I've been remiss in not showing harvest time pictures yet this year, but I have a good excuse. I've been preparing a special treat.
A little while back Ilea at the OSU Mid-Columbia Agricultural Research and Extension Center contacted me for help evaluating their photo archives. She led me up in to their attic, where they have four very heavy boxes with a total of 800-900 glass plate negatives dating from 1912-1950's. Most are technical in subject matter-- things like grafts, insecticide application, diseases and such, and they are meticulously documented. Fortunately they also include images that are of more general interest, as you'll see as the week goes on.
These are the two men who I believe are responsible for most of the collection. On the left is Leroy Childs, who was an entomologist and superintendent of the research station from 1914-1952. On the right is Gordon Brown, who was horticulturalist at the station from 1916-1952. The photo was taken at their retirement on July 1, 1952.
We actually saw Mr. Childs a while back in this image. He's 35 years younger, at the beginning of his career, but still recognizable.
I hope you enjoy this week's tour of agriculture in the valley courtesy of the OSU Mid-Columbia Agricultural Research and Extension Center (MCAREC).
Category: [Downtown Hood River]
Leroy Childs was very instrumental is the fruit as we know it in Hood River at present. He did a lot of work in relationship to the fruit pests and wrote numerus articles in relationship to it.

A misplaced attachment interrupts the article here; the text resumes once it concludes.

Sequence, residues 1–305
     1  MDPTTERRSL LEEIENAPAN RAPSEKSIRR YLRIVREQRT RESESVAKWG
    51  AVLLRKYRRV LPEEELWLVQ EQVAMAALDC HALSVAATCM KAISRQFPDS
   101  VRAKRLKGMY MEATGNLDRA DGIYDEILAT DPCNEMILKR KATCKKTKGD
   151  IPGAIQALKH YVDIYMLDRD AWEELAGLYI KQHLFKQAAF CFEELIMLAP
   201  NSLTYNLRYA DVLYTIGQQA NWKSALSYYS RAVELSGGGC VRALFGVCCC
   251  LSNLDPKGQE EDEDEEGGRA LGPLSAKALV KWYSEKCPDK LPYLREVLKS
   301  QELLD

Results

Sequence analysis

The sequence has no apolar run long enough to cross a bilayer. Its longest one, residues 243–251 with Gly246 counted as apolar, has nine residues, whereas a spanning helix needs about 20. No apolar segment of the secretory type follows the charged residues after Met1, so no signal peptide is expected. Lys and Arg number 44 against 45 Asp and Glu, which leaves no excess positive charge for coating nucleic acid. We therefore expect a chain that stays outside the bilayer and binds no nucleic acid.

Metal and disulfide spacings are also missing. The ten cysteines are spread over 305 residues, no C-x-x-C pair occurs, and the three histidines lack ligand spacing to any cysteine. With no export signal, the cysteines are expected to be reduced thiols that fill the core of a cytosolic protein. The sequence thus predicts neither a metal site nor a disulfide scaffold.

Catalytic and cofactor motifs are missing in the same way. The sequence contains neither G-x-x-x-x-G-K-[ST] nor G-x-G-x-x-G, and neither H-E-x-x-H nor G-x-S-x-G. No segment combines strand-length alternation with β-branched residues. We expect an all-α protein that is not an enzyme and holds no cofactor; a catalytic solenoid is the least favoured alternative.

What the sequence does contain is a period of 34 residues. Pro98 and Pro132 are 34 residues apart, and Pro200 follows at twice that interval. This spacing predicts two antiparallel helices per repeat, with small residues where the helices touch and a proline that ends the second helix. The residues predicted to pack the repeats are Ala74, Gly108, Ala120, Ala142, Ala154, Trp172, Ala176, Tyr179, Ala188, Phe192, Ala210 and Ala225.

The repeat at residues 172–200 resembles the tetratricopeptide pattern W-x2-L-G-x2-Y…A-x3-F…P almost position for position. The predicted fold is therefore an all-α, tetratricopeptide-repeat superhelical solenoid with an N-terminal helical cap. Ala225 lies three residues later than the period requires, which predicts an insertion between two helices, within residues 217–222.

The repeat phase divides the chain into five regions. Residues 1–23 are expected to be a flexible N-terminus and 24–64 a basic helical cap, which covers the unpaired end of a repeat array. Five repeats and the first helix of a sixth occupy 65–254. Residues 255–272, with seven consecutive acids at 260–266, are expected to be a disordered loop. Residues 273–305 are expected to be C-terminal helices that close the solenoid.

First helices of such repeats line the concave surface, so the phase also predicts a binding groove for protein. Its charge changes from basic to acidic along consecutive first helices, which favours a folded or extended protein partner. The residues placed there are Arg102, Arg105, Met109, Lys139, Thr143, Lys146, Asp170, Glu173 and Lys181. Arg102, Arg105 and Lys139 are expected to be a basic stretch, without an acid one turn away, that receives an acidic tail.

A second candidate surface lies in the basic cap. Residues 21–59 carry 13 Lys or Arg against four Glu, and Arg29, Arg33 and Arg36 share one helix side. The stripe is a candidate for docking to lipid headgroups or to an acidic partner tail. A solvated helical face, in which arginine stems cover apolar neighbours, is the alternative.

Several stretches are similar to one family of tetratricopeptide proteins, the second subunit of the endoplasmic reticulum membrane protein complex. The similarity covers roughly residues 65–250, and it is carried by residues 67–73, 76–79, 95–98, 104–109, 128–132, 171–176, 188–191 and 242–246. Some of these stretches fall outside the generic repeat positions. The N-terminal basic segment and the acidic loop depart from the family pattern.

Leroy was of a pilgrim famly, one of hs ancestors being Samuel Childs who arrived on the Massachusettes shores sometime between 1620 and 1624.
Leroy himself was from Redding, California where his father was also involved in the fruit industry. He got his educaton at Stanford..
Leroy and his wife Hazel had two sons, Leroy and Allison.
charlott on 5th November 2012 @ 7:57am
Hazel and Leroy Childs were great friends of my grandfather, A.W. Peters. I remember them so well when I got to visit in Hood River. I was always taken to their house to say hello. Hazel had a wonderful laugh.
Jill Stanford on 5th November 2012 @ 3:06pm
Is Mr. Brown pointing out a graft that he did when he first began working for MCAREC?
There was the Earnie Childs family of Trout Lake area. I wonder if they are related.
l.e. on 6th November 2012 @ 9:52am
Any relation to Sally Childs? She was a great friend of my mother in-law, MaryAnn Scearce-Hanners. I have a great picture of Sally trying pulling at the halter of a mule, trying to get it to move, while mom sits smugly on its back.
The picture must have been taken sometime in the late thirties to early forties.
Lesa on 14th March 2013 @ 8:44pm
Hazel Childs was my grandmother, Sally is my aunt, I remember spending many a day at the Hanners place. It is one of those places that pops in my head all the time.
Mike Childs on 4th March 2014 @ 8:26pm